Besides the advantage of providing for durable, light-weight parts, the present invention allows for the use of fairly inexpensive raw materials and high production rates due to the fast cycle times of the injection molding process (on the order of 10's of seconds to a few minutes). Note that the injection molding tool could be Teflon coated to prevent excessive adhesion of the epoxy coating (if epoxy is used; however, not necessary if the material used to coat the cloth is the aforementioned resin-dissolved thermoplastic) to the mold surface. Also note that the above technique can similarly be used to produce other desirable articles such as light-weight, durable enclosures (i.e., to house sensitive electronic systems) which have excellent EMI properties very similar to metal enclosures. It should be understood that other means of pre-impregnating the metalized cloth could be used, such as hot pressing a thin sheet of the thermoplastic against the cloth sheet to get the plastic to diffuse into it, thus creating a result similar to that using the plastic resin (created by dissolving the thermoplastic in a solvent). This process could be used in a case where the impregnating plastic may not be readily dissolvable in a solvent. It should finally be noted that it is understood that other materials may be added to the impregnating plastic such as ABS, (and particularly where it is dissolved in a solvent) which enhance the electrical and RF characteristics of the cloth layer (and perhaps other desirable properties), and thus further improve the final product. An example of this would be to add copper or aluminum flake to the ABS solution (ie ABS dissolved in acetone or MEK) before it is sprayed onto the cloth.

Another step within the scope of the present invention is to pre-form the pre-impregnated cloth (formed by either of the aforementioned wet resin or hot press methods) to the shape of the mold by heating the somewhat solidified rigid sheet to near the melting point of the pre-impregnating plastic material and either compression or vacuum forming it (or forcing it by some other means) into the desired shape to make it more closely conformal to the injection mold surface in preparation for the injection molding (over-mold) step which creates the final product. This would be particularly useful for applications such as EMI enclosures where the final product has steep walls with sharp (90 degree) corners and edges.

In the above, note that the present invention (using the resin-dissolved thermoplastic steps) has been experimentally tested and proven on Jan. 20, 2010 at C&H Plastics located in Waterville, N.Y. with near-production-quality parts being successfully fabricated. Nickel-coated, non-woven, carbon cloth was pre-impregnated with resin-dissolved ABS and placed in the mold, producing near-perfect formed parts using a number of diverse thermoplastic molding materials. Adjustment of present invention parameters such as melt temperature, mold temperatures, cycle times, plastic additives (such as foaming agents), and plastic coating application methods and layer thicknesses on the metal-coated fiber cloth can be adjusted to optimize product yield and quality. It should be noted that an original assumption that a wet coated (e.g., not completely dried of the solvent carrier) part could be placed in the mold resulted in crazing of the part surface. The assumption that excess solvent such as acetone would evaporate quickly under the extreme heat of the molding process or be absorbed into the melt and evaporate from the part over time after cooling was also not totally accurate. Parts made in this manner seemed to develop a permanent soft surface (sufficiently soft so as to be scratchable with a fingernail) due to an apparent irreversible reaction with the solvent under heating. Thus, it was determined that the present invention comprise the additional step of ensuring the coated fabric be completely dried of all residual acetone before being placed in the mold and over-molded with the hot thermoplastic.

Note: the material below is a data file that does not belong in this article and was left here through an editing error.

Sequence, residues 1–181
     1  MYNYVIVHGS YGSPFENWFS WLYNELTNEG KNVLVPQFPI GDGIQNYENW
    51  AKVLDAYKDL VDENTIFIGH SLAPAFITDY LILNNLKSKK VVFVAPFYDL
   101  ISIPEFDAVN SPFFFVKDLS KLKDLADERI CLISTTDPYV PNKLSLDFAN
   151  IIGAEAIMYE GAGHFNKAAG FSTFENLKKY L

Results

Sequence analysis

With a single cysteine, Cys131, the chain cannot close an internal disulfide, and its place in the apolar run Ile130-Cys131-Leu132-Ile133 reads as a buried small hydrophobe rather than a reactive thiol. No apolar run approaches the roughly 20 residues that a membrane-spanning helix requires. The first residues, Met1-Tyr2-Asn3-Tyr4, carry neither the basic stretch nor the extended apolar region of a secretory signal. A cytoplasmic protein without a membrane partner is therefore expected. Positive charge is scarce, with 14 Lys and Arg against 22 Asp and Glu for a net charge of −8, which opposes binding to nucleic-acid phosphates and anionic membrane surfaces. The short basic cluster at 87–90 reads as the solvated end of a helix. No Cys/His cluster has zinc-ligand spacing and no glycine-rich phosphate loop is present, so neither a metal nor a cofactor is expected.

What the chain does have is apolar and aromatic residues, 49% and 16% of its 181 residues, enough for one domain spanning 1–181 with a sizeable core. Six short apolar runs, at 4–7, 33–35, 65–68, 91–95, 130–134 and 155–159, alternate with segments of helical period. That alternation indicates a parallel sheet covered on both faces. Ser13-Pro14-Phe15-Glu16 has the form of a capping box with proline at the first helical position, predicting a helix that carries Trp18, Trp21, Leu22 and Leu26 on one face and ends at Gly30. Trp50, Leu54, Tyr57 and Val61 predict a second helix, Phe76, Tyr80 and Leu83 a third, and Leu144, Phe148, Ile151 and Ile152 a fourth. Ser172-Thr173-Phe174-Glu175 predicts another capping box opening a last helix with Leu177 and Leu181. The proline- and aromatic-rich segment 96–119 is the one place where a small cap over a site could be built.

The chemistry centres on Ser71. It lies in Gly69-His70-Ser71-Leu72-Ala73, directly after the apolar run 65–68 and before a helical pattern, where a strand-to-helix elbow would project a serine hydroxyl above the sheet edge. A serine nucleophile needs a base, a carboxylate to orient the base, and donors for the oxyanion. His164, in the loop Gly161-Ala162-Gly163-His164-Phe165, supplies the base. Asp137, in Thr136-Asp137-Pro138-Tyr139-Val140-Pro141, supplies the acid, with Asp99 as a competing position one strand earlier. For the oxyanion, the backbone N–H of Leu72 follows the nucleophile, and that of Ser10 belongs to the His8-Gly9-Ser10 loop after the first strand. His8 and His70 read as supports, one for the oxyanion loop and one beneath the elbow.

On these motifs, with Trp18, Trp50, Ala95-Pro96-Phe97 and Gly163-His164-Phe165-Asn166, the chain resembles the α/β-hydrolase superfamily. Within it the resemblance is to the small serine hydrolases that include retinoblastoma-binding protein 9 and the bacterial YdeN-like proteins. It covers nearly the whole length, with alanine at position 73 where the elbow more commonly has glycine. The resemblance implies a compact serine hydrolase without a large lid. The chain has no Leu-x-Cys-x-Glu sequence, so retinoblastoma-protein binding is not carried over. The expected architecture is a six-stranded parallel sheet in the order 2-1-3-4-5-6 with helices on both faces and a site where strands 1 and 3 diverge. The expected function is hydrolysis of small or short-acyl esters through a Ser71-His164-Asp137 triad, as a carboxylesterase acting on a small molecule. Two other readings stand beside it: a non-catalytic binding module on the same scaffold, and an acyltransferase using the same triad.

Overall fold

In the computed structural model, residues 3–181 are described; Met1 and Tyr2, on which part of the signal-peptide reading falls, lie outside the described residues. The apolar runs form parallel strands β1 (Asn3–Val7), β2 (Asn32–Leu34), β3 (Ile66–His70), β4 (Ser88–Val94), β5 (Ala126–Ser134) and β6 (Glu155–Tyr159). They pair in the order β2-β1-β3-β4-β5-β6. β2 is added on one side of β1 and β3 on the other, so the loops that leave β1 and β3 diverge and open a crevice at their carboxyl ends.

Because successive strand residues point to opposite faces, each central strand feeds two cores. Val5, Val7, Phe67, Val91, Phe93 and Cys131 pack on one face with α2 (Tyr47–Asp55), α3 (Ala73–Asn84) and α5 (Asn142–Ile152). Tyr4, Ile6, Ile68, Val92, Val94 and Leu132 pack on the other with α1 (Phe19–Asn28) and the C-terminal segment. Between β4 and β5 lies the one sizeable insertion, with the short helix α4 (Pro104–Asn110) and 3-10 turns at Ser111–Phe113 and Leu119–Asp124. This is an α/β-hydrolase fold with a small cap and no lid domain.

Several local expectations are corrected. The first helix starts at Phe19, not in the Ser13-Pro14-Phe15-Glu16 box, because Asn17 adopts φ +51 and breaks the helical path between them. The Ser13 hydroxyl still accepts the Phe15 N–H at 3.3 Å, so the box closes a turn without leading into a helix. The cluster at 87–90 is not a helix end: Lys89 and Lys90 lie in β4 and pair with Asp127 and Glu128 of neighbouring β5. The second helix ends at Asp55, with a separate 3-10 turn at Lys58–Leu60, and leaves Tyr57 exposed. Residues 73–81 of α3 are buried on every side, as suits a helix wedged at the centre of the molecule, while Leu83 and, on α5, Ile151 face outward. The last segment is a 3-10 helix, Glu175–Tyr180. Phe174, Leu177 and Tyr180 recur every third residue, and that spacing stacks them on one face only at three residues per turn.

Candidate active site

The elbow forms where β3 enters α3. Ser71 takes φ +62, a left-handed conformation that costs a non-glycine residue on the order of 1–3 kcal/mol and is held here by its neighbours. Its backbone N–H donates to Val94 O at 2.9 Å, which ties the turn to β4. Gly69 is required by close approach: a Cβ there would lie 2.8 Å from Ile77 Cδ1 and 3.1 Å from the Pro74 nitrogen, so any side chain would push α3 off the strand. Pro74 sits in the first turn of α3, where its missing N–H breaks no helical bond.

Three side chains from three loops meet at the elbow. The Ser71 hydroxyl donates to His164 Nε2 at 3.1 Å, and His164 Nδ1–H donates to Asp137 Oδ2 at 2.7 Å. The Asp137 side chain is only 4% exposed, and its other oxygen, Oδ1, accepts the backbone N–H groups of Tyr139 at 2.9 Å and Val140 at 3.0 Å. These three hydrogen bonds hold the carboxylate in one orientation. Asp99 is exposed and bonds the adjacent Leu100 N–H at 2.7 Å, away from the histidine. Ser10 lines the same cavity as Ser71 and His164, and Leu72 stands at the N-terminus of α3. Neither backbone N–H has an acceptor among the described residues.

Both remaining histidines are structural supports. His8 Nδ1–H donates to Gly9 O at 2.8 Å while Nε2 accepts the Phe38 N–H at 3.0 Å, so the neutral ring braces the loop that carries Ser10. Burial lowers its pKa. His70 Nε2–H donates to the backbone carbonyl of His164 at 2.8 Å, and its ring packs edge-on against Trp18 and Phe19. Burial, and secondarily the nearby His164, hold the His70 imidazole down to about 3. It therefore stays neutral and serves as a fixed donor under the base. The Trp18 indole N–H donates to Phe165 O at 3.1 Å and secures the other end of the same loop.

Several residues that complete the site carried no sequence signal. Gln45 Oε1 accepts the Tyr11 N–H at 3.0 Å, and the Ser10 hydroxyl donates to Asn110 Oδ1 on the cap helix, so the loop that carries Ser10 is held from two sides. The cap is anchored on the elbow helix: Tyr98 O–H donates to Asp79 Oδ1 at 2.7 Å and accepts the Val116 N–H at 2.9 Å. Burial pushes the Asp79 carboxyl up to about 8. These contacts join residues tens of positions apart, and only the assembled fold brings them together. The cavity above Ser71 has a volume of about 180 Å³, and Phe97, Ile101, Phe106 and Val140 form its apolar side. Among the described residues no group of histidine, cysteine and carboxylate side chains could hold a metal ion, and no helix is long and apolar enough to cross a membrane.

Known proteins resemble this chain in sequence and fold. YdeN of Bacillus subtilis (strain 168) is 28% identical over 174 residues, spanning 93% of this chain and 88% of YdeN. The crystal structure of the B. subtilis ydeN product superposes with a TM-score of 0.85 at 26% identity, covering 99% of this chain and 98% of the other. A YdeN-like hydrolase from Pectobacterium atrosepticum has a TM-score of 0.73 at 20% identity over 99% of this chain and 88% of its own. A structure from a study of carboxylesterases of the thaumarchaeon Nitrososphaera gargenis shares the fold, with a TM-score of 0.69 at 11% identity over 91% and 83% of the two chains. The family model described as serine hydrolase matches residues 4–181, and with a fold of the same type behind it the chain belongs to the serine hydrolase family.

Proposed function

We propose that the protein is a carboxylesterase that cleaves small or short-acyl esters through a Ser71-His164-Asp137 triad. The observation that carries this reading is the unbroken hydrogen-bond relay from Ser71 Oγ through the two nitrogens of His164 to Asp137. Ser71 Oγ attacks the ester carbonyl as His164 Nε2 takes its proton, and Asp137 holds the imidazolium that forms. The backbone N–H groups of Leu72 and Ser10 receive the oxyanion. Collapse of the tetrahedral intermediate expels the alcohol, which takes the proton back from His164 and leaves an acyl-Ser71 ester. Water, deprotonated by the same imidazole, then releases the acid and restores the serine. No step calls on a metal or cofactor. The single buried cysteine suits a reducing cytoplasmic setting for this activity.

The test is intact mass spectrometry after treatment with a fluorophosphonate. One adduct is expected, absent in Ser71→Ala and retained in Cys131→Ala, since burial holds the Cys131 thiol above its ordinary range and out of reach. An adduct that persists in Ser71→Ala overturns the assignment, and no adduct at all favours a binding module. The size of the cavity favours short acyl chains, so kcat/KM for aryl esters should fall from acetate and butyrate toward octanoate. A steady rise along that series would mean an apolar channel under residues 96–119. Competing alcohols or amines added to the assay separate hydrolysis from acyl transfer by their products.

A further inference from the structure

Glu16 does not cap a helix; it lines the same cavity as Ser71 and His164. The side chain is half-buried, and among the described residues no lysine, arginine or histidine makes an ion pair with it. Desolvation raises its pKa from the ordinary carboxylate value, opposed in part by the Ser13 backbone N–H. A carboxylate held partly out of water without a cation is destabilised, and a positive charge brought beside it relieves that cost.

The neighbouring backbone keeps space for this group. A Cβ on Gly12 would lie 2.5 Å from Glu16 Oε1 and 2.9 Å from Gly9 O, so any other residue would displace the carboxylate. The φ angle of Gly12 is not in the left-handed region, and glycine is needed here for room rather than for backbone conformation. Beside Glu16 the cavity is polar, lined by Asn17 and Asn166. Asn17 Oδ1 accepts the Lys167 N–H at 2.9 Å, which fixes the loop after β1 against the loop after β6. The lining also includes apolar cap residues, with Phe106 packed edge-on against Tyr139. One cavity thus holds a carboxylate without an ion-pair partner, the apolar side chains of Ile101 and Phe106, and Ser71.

Even though ABS was the only material tested for pre-impregnation of the metalized cloth, it was determined to be compatible with all of the thermoplastic resins used in the molding machine, producing a complete fusion bond, and excellent quality surface finish in all cases. Initial antenna segments (see 10, FIG. 1) were successfully produced with ABS as the molding plastic. These were actually tested for RF reflectivity on an antenna range and performed as well as identically shaped aluminum reflector antennas. Other molding resins which produce parts with higher strength/rigidity and higher heat deflection/operating temperatures were also successfully molded over the ABS-impregnated cloth. These included nylon, glass-filled nylon, polycarbonate, and polyetherimide (a high performance engineering plastic with a melting temperature of 700 degrees F.). One skilled in the art will readily note that practice of the present invention is not limited to the use of these resins.

It should also be noted that accurate die-cutting of the coated cloth to the desired shape prior to placing in the mold, and employing some type of fixturing hardware such as i.e. spring-loaded clips inside the mold which allow the molding machine operator to easily attach and accurately position the cloth in the mold cavity via corresponding holes or tabs die-cut into the cloth, would produce quality parts with a high yield.

Having described preferred embodiments of the invention with reference to the accompanying drawings, it is to be understood that the invention is not limited to those precise embodiments, and that various changes and modifications may be effected therein by one skilled in the art without departing from the scope or spirit of the invention as defined in the appended claims.